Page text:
The Right Stuff
If stuffed shells were automobiles, they would be a flock of big, bright pink SUVs driving around town. In any restaurant, the delivery of this oversized, stuffed and sauced pasta is just as awesome a sight and usually followed by smiling faces full of wonderment. Putting this menu item into your restaurant repertoire adds that big “wow” factor but many questions need to be answered. Do I par cook the shells for fast service? Do I keep them filled or fill as ordered? How do I keep the shells from cracking or ripping when cooked? Would they sell well? What kind of stuff shell should I serve? To start, lets look at the history of stuffed shells.
Cooks and chefs in the old Italy didn’t make pasta to impress customers. Instead, each pasta shape and style were made with purpose. Some were made for meat sauces, and others made for soups and still others with more folds and grooves to accommodate light sauces. In Tuscany, the wide pappardelle were made to stand up to hearty meat sauces where the cavatelli, from Calabria, holds chunky sauces in its folded nooks. There are pastas shaped for the making of a single dish like lasagna, whose roots can be traced back to Naples in the Middle Ages and manicotti, which was originally made with crepes and made to serve with traditional Bolognese and béchamel sauces.
In 1875, Francesco Bottene invented the Bigolaro, or “Torchio,” a press that extruded thick spaghetti, rigatoni and eventually tagliatelle through a brass die. This enabled the making of pasta to spread throughout the Italian countryside. It also brought about other extruder inventions to make larger shapes like shells and cylinders. Here are some large shell-shaped pastas in different regions.
Conchiglie is shaped like a conch shell and has 3 sizes. The small Conchigliette, the medium Conchiglie and the Large Conchiglioni which was made for stuffing. The smaller shells are perfect for small, chopped salads and the larger and medium shells are used with Pasta e Fagioli Verde.
Caccavelle is a giant shell. In fact, this name translates to “pot” in Neapolitan dialect and is made by an artisan pasta factory in Gragnano, Naples. It looks like a squared pot with two small ears and is known as the largest pasta in the world weighing in at 50 grams. These monsters are usually made “alla Sorrentina’ and filled with tomato sauce, mozzarella, minced meat and ricotta.
Lumaconi has been made in the small town of Gragano, Italy since the 16th century. They are usually filled with minced meat, ricotta and béchamel but many versions include spinach, chicory, tomato and red peppers.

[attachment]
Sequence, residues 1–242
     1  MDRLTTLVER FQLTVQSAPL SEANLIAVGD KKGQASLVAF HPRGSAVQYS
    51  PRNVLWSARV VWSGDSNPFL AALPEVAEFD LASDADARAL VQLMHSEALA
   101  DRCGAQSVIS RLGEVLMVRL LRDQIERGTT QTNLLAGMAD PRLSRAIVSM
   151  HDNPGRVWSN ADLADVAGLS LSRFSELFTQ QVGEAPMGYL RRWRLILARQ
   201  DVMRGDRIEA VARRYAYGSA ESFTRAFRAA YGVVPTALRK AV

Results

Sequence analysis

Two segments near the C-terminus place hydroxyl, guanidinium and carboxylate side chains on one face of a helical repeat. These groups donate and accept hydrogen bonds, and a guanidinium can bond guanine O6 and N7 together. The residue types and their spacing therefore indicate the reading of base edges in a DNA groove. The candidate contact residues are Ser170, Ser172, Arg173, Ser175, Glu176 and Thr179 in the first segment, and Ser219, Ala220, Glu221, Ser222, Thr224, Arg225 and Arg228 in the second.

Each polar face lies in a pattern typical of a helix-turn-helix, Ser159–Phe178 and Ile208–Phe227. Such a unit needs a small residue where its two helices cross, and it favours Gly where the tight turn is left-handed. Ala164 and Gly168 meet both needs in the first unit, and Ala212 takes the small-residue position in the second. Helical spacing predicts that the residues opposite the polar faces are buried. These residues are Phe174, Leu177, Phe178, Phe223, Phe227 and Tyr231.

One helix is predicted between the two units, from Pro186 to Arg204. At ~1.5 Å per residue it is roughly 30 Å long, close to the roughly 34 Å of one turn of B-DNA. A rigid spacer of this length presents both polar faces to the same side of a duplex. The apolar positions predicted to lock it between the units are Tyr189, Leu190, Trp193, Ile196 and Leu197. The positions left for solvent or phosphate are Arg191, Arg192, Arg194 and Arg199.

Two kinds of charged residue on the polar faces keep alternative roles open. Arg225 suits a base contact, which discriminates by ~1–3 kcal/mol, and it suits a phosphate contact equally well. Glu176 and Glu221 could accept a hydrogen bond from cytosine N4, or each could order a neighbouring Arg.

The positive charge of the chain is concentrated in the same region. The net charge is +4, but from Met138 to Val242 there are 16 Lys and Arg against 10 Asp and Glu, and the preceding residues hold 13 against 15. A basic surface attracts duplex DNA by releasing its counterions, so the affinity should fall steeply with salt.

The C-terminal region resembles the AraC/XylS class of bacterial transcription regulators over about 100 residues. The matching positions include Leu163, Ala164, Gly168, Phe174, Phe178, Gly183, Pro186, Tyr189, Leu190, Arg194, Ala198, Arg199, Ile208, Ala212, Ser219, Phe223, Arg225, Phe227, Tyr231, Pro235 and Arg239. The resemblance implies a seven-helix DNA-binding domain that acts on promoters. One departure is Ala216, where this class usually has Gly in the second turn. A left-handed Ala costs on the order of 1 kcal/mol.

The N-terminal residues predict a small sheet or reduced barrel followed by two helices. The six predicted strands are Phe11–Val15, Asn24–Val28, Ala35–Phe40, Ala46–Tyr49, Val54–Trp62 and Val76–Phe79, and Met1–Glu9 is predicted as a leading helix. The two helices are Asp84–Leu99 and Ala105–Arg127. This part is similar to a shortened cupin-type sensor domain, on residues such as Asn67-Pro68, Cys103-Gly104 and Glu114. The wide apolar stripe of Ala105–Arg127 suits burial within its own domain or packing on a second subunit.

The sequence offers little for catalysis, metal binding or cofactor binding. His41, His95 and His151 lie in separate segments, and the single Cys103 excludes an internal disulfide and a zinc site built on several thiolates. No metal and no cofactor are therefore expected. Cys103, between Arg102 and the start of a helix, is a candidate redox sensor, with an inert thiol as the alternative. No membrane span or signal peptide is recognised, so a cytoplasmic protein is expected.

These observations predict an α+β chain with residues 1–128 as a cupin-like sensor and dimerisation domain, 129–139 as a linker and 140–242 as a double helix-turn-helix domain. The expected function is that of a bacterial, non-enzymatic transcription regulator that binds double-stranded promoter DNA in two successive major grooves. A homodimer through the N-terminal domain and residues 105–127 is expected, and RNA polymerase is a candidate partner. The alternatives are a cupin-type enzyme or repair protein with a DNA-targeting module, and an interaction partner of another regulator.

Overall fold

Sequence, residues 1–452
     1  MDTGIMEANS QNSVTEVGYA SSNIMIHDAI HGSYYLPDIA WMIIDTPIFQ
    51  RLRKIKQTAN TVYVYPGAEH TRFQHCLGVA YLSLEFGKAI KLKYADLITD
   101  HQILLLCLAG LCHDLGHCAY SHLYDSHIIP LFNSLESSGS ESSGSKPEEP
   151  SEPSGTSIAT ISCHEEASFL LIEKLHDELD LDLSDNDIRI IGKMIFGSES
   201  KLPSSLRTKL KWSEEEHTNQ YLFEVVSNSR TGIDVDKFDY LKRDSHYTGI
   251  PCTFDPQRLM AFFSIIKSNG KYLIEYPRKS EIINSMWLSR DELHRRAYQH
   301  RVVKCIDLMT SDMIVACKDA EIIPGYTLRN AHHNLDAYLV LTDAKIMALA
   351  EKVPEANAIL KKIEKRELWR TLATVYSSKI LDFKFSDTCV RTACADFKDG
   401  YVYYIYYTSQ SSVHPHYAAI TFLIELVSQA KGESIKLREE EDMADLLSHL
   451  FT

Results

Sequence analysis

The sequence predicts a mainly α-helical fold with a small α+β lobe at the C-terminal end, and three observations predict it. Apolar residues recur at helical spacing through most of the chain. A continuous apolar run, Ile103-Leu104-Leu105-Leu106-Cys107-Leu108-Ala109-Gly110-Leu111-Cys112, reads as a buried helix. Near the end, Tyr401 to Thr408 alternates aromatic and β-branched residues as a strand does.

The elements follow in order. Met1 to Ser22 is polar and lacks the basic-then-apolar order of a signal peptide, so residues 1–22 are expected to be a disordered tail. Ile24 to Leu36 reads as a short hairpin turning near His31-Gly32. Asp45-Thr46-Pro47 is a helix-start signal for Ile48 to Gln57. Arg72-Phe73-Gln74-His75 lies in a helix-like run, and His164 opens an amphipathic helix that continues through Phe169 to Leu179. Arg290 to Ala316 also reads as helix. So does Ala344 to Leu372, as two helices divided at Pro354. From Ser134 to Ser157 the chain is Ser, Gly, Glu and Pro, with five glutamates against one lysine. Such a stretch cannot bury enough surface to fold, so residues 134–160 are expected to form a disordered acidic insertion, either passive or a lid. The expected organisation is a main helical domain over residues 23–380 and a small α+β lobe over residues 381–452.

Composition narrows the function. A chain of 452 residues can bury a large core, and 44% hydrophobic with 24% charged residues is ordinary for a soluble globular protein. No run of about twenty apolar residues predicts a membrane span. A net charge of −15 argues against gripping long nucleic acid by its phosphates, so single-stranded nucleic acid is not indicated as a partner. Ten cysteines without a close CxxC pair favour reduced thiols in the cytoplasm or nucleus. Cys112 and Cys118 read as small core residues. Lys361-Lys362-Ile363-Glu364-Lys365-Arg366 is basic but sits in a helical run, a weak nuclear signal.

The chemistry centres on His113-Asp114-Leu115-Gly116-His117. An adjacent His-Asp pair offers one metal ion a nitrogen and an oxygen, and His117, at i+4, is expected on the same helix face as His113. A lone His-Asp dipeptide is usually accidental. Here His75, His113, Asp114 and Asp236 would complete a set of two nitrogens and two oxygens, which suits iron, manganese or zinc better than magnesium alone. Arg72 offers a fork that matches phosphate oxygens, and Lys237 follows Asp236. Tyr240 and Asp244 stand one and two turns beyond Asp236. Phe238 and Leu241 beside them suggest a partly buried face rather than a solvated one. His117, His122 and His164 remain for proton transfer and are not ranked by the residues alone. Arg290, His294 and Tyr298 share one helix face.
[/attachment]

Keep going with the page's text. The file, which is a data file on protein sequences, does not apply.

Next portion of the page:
Shelled pasta does take time. That is the reason that most stuffed shells in Italy are made on weekends, family holidays and holy days where people have more time to prepare them. Almost all large shell recipes call for boiling the pasta ahead of time for 8 to 12 minutes.
Ripping: Some shelled pastas can get caught in the fast-bubbling pot upside down. This puts pressure on the sides of the shells and will produce small or large rips down the sides. This occurs with manicotti also when the ends of the tube get smashed against the bottom or sides of the pan.
Cooling: Make sure to quickly cool the pasta shells. And, unlike other pastas which benefit from the small starch coating that clings to the sides of the pasta and thickens the waiting sauce, large shells and tubes are much better rinsed under cool running water. This may sound sacrilegious in pasta circles, but this pasta cannot stick to each other, or it will rip. Some chefs even spray or brush with extra virgin to keep the shells from sticking to each other before filling.
Stuffed shells are such great canvas for filling that many different proteins and vegetables are perfect. There are some practical realities about the size and the way people will eat the large shells which preclude the way they have been prepared in the past.
Cheeses: Ricotta is usually king in stuffed shells. Pairing with cooked onion and spinach is a classic. Aged mozzarella is better than fresh because of a thicker, chewier bake that stays in the shells. Cheeses like Taleggio, Brie, mascarpone and Bel Paese will drain right out of cylinders and shells because of their water-like melt. Pecorino and Parmigiano completes any filling with an umami-laced flavor that compliments every meat and vegetable.
Vegetables: Cooked and minced vegetables are great inside stuffed shells. Pureed potato, yam, butternut squash and acorn squash make for a savory-sweet filling with cooked sage or spinach. Sautéed arugula and chicory can add a nice punchy balance to savory fillings and cream sauces. Tomatoes can add sweetness but will break down with cooking. Many stuffed shells are baked in tomato sauce to keep the shells hot, cooked and wet, instead of drying out.
Proteins: Minced meats and meat sauces abound in traditional Italian recipes for stuffed shells. Ground beef with pork is a classic combination with minced garlic and onion that is combined with ricotta for extra creamy stuffed shells. These can be baked with cream sauces or tomato passata for brilliant results. Lately, chicken or even vegan meats can be substituted for other proteins. Many older recipes add egg to proteins and cheeses to “set” the stuffing in the shells.
John Gutekanst owns Avalanche Pizza in Athens, Ohio.